Uygurs not 'persecuted', Xinjiang spokesman says

Uygurs enjoy the same legitimate rights as all other ethnic groups in China, and it is groundless to label them as "persecuted people", a spokesman from the Xinjiang Uygur autonomous region's government said on Wednesday.

Ilijan Anayt said at a news conference held in the autonomous region that a claim in Pope Francis's new book calling Uygurs in China "persecuted people" was not supported by facts or evidence.

Ilijan said that China protects the lawful rights and interests of all ethnic groups. He added that Uygurs enjoy the same legal status and rights as all other ethnic groups in China, including the right to vote and stand for elections, the right to participate in the administration of State affairs and freedom of religion.

The Xinjiang government devotes 70 percent of its annual general public budget to improving people's livelihoods through a series of projects in employment, culture, education and medical care, ensuring that all ethnic groups in the region enjoy full rights to subsistence and development, Ilijan said.

The government has formed a mechanism to guarantee that at least one person in every family gets employed, he said. It has also conducted the integrative development of rural-urban education, bringing the enrollment rate of children in compulsory education to 99.9 percent.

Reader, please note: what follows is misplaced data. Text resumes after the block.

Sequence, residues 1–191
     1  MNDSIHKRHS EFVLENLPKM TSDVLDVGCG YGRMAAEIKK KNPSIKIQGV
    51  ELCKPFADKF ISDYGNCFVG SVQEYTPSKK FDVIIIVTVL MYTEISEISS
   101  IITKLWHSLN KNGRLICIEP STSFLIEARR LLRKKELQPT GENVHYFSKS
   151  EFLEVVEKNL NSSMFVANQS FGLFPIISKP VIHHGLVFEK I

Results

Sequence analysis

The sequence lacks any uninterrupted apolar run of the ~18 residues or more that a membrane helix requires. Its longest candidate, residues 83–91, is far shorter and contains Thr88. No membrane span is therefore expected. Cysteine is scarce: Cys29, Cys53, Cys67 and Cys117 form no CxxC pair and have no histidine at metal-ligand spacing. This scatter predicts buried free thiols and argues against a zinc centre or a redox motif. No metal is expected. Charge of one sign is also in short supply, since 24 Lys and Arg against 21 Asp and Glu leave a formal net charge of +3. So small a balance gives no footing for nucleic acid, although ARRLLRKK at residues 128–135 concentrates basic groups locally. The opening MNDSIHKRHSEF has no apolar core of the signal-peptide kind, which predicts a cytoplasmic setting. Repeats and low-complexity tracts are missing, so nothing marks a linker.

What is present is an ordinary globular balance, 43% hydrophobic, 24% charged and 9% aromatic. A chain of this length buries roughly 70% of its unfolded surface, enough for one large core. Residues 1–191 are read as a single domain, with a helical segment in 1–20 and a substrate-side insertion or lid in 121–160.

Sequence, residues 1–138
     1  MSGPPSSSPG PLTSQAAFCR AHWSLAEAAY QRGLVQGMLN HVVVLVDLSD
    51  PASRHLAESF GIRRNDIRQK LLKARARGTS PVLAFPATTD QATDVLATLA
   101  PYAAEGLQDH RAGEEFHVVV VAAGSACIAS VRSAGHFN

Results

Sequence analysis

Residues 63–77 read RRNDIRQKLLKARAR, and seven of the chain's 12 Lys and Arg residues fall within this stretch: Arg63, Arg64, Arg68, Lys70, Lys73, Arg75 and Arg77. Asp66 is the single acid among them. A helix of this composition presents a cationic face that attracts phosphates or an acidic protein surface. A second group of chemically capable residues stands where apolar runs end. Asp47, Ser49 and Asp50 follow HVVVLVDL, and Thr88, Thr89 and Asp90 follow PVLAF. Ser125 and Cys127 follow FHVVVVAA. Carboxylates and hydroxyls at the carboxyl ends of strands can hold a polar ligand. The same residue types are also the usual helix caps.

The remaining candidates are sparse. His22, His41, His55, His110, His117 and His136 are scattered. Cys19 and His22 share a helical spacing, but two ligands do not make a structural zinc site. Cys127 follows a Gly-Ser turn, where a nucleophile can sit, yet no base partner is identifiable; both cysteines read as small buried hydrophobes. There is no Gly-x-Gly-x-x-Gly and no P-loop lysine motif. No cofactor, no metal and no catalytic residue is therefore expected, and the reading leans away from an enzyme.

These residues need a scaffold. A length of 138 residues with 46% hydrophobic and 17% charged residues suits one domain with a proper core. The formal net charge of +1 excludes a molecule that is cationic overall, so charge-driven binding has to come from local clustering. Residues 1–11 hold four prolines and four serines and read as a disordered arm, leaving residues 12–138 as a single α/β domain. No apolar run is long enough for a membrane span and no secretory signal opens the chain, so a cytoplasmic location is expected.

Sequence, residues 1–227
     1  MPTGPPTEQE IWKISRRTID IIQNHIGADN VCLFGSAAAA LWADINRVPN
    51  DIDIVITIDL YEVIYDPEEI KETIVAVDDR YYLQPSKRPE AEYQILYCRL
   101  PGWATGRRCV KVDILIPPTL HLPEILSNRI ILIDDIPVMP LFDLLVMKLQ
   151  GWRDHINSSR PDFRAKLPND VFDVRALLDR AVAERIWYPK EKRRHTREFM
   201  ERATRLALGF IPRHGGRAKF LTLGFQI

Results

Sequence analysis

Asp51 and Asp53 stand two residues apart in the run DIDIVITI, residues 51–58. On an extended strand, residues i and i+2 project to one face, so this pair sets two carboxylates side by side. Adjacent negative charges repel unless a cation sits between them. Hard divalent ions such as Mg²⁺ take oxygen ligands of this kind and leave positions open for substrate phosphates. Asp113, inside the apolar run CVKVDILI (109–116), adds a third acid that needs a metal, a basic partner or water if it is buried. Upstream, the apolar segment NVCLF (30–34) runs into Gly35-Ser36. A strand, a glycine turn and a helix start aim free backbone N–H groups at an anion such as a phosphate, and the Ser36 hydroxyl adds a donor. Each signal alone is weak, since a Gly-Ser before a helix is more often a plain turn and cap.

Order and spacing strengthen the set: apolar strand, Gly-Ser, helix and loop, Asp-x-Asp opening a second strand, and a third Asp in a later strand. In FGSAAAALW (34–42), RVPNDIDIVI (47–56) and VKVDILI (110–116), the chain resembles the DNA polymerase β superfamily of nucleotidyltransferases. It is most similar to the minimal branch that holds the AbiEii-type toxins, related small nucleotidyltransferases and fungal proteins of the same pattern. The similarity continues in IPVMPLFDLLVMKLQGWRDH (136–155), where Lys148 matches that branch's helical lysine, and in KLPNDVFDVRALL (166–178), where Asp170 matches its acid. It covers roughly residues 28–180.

In terms of healthcare, all residents in Xinjiang can access free physical examinations, and all impoverished people also have basic medical insurance, major illness insurance and an old-age pension.

Moreover, Xinjiang has lifted all rural people out of poverty, and all people in the region, including Uygurs, have shared the fruits of development, Ilijan said.

All citizens in Xinjiang enjoy the same rights to policy, economy, society, culture and more, and citizens are completely free to believe in any religion. In addition, the laws and regulations in China provide sound legal grounds for protecting all citizens' freedom of religion rights, he said.

Ilijan explained that Xinjiang now has 10 Islamic institutions and 103 Islamic associations, which are in charge of coordinating and resolving Islamic affairs. All normal religious activities conducted by believers in accordance with customary religious practices at venues or their own homes, including attending religious services, fasting and celebrating religious festivals, are protected by law, with no organizations or individuals able to interfere.

Efforts made by Xinjiang to protect freedom of religion have won acclaim across the international community, including from Islamic countries. Everyone who respects the facts cannot deny that, he added.